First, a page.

Monday, Aug. 13, 2018 | 2 a.m.
The new leader of the country’s fifth-largest school district wants to work with lawmakers to update the state’s decades-old funding formula and maximize current funds by streamlining curriculum.
Superintendent Jesus Jara, who spent six years in Florida as the deputy superintendent of Orange County Public Schools, has been meeting with district employees and learning the intricacies of a $2.4 billion district.
Jara sat down with the Sun news staff and editorial board less than a week before today’s start of the new school year and shared some of his priorities. His comments below have been edited for length and clarity.
How are you getting along with the trustees so far?
We’re building our relationship. We had our first board retreat, it was more of a meeting, just to really understand as a new person coming in I’m the new element into the equation, if you will.
We had some time and discussion about what they expect from their new superintendent and then what I expect from the trustees, and then started really looking at the roles and responsibilities of the superintendent as the executive officer of the organization and the board as the policy and governance. … It’s just building on our relationships to become one team.
How can the district better fund education and give teachers and support staff raises?
It seems pretty simple, (and) I wish it was all that simple. The challenge is a couple things.
Having a clear understanding of our internal fiscal house, that’s number one as we go back and start looking for money. We have to build that trust within CCSD internally and also within this community. We need to just really get our fiscal house in order.
If governors do ask me, “how much money do you need?” I’m going to first of all have that clear understanding of how much I’m going to ask for ... to then build an educational system that our children deserve.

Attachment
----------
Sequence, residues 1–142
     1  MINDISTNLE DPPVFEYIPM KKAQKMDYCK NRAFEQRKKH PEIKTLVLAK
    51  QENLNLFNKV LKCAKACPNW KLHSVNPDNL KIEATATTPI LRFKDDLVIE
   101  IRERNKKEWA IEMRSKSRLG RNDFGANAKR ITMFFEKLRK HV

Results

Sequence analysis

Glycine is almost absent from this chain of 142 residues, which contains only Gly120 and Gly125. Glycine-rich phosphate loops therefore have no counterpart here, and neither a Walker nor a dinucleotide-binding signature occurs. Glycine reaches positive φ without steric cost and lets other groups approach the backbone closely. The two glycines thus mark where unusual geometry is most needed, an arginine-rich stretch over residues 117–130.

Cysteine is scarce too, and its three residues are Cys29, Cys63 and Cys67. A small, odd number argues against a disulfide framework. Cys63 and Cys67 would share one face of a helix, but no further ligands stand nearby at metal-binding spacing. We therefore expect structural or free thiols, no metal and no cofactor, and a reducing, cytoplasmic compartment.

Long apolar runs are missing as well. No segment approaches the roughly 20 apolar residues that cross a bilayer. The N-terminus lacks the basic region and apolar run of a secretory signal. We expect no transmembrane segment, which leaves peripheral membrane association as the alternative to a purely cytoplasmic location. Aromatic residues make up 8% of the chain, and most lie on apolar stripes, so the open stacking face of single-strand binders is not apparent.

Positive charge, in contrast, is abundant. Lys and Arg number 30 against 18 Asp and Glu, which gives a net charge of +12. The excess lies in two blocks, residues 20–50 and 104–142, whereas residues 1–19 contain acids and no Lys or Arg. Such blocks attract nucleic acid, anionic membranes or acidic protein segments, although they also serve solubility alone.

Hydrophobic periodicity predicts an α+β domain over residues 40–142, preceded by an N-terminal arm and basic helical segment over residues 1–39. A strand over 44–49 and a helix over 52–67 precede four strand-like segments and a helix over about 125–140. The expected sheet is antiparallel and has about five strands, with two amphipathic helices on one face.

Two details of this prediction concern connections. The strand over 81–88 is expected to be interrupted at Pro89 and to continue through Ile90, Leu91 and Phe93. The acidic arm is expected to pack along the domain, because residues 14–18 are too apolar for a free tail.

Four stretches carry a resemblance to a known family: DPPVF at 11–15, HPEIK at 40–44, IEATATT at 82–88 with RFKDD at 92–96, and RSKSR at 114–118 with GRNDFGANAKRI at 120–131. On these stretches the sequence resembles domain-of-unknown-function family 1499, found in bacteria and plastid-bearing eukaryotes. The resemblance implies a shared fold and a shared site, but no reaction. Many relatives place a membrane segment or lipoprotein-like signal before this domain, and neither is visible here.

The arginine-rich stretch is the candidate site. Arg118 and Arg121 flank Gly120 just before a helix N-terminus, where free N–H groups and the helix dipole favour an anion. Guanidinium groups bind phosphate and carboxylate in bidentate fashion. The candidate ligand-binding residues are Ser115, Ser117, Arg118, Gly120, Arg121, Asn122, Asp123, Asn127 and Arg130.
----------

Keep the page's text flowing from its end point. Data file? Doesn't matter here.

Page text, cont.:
The other thing is ... we really need to build a coalition or an effort in Carson City around changing the funding formula. We have 17 studies that tell us that we don’t fund education appropriately, and the inequities. Seventeen. We don’t need another study. What we need to do is take action.
If we all really want to invest in our kids and our teachers, then we need to modernize the formula so that it’s equitable for the children in Clark County. It’s going to take us some time.
Can the district improve on its contract negotiations with district employees?
Absolutely, and that’s what we’re working on. We have a vacant position right now that we’ve advertised. Right now our CFO and interim general counsel are the ones sitting at the table as negotiating for the school system, for the board.
Right now my role as a superintendent is to really help with the strategy and then have the chief negotiator as the one that’s going to be negotiating with the chief negotiator for all the bargaining units. So my role would be more as really creating the vision, working with the board, and then how does that impact our employees (and) then also how does it impact our classroom, our support staff, our buses.